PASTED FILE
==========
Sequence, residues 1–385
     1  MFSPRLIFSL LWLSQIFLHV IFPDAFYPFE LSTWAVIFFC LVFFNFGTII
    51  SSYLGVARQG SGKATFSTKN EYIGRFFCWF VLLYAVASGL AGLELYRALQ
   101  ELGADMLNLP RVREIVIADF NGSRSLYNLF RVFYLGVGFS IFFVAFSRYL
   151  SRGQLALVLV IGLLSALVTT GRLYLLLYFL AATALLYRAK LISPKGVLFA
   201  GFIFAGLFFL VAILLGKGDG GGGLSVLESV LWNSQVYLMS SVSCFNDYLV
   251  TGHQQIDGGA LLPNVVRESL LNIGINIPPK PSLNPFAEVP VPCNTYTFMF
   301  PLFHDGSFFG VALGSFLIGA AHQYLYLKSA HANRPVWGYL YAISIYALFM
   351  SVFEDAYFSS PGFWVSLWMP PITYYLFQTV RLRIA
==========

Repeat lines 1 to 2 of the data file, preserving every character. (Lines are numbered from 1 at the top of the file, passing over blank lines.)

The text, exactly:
Sequence, residues 1–385
     1  MFSPRLIFSL LWLSQIFLHV IFPDAFYPFE LSTWAVIFFC LVFFNFGTII